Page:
Article

Analysis of genetic diversity in Rose’s mountain toadlet (Capensibufo rosei) using novel microsatellite markers

Published in: African Journal of Herpetology
Volume 65, issue 2, 2016, pages: 69–82
DOI: 10.1080/21564574.2016.1234511
Author(s): Jessica M. da SilvaKirstenbosch Research Centre, South African National Biodiversity Institute, South Africa, Kevin A. FeldheimPritzker Laboratory for Molecular Systematics and Evolution, USA, Ryan J. DanielsKirstenbosch Research Centre, South African National Biodiversity Institute, South Africa, Shelley EdwardsKirstenbosch Research Centre, South African National Biodiversity Institute, South Africa, Krystal A. TolleyKirstenbosch Research Centre, South African National Biodiversity Institute, South Africa

Abstract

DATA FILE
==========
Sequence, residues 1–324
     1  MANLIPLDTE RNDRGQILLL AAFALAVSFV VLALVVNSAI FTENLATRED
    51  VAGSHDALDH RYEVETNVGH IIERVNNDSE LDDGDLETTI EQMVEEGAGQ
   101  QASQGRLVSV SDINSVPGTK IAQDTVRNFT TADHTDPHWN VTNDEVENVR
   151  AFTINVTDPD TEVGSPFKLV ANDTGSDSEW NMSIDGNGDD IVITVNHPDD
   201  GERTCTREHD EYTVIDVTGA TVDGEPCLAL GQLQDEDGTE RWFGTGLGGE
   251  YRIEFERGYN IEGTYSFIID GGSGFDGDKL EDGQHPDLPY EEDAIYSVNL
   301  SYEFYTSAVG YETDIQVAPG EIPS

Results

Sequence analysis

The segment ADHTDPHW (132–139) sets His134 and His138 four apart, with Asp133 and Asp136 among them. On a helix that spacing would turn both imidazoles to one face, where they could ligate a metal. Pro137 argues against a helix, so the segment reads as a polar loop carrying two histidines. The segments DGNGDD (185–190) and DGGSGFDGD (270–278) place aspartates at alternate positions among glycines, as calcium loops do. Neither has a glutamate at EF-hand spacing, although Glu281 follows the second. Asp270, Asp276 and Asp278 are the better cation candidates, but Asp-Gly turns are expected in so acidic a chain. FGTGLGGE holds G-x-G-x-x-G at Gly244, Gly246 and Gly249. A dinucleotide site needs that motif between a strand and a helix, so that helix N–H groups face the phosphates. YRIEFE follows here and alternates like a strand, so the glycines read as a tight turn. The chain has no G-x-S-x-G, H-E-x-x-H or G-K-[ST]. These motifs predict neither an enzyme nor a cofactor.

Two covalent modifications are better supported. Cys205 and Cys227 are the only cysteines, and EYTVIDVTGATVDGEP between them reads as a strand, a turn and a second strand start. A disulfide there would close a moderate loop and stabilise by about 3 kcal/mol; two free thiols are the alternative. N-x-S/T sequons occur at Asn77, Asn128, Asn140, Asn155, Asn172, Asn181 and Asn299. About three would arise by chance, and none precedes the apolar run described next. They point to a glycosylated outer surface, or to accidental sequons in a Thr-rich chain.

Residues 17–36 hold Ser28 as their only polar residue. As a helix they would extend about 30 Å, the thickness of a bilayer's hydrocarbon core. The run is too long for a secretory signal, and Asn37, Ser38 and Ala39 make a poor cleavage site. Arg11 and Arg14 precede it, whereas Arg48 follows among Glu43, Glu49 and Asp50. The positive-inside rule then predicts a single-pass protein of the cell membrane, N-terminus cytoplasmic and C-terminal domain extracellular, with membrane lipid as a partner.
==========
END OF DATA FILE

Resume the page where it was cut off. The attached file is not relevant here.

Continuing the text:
On the Cape Peninsula, Capensibufo rosei is known from only two isolated breeding populations within Table Mountain National Park. Because of its declining state, there is an urgent need to understand the genetic diversity, population structure and patterns of movement of this species. To do this, 15 microsatellite primer pairs were designed, optimised and tested. Successful loci were screened for null alleles and genotyping errors and then analysed, specifically noting the number of alleles, allelic size range, observed and expected heterozygosities, deviations from Hardy–Weinberg equilibrium (HWE) and linkage disequilibria. Bottleneck tests and analyses of molecular variance (AMOVA) were also conducted to gain insight into each population’s structure. Eleven primer pairs produced unambiguous polymerase chain reactions (PCR) products and scoreable bands, which were found to be polymorphic across both breeding populations. Deviations from HWE were detected owing to the presence of null alleles and inbreeding. Significant bottleneck signatures were detected for both populations and the AMOVA revealed significant differentiation between the two populations, indicating genetic structure at the population level.

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